Five Last-Minute Tips to Prepare for RACs

Andrea Kraynak, for HealthLeaders Media , October 2, 2009

RACs have begun auditing at this point, and providers in some states may have received their first denial letters this week. But many providers seem to still be waiting, holding their breath, and worrying whether the mail carrier might deliver their first RAC demand letter(s) that day.

However tempting it may be to simply wait, providers can still use this time effectively while they wait. Consider the following tips from several RAC experts:

Verify your contact information with your RAC. Yes, you may have submit your contact information to your RAC months ago, but use this time to verify your RAC has the information and it is correct, says Yvonne Focke, RN, BSN, MBA, director of revenue cycle and integrated care services at St. Elizabeth Healthcare in Kentucky. Focke submitted her preferred contact information for all RAC correspondence months ago, but recently discovered her RAC didn't have the information. Checking to make sure the RAC has your information is especially important if you are part of a large health system. And try to get written or e-mail confirmation from your RAC verifying it has the correct information on file for your organization, says Focke.

Test your processes and those of your vendors. Send yourself a test RAC letter to see where it ends up and when, says William L. Malm, ND, RN, healthcare consultant for Craneware. You will see where a real RAC letter might get hung up and you'll be able to adjust accordingly before the real thing arrives. Malm calls this the “Zero dollar test”— it costs nothing but a $.44 stamp, and can teach you so much about your work flow. RACs are testing themselves right now, and providers should be doing the same, he says.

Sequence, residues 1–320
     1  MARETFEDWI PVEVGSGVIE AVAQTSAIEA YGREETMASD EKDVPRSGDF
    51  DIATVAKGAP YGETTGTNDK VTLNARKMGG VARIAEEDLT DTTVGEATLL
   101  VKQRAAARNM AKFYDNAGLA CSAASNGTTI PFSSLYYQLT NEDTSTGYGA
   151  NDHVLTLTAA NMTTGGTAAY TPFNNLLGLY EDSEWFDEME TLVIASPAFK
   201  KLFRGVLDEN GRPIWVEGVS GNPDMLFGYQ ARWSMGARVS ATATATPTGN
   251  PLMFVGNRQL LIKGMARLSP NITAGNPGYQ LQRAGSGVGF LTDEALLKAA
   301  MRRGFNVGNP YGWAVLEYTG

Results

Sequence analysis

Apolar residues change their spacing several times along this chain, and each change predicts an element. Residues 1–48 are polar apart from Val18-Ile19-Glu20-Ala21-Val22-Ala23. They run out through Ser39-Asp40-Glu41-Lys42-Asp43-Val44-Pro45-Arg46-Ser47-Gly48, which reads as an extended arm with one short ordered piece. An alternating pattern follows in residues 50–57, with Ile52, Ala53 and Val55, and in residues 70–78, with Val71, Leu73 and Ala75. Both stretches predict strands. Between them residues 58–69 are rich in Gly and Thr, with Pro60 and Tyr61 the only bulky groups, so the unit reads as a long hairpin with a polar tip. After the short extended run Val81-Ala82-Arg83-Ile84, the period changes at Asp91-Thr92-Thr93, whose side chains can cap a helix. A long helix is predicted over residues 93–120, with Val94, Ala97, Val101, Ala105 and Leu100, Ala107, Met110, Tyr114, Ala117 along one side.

Form good habits. Take this opportunity to form habits now that will help you later, says Tanja Twist, MBA/HCM, director of patient financial services at Methodist Hospital of Southern California. For instance, it may sound simple, but providers should be checking their RAC's Web site regularly, watching for any updates/changes. Providers should get into the habit of doing this now before the auditing begins so it will become part of their regular routine.

Share what you know. RACs have posted approved issues for most states at this point. So do something with that knowledge, says Nancy Beckley, MS, MBA, CHC, of the Bloomingdale Consulting Group, Inc. Educate staff members who may work in high-risk areas subject to automated review in your state (e.g., speech or physical therapy, OB-GYN, etc.). Go over the necessary pathway from service delivery to data entry, from edit tables to bill drop, etc. This will help pinpoint potential problems from both clinicians and finance in those areas RACs have identified as targets.

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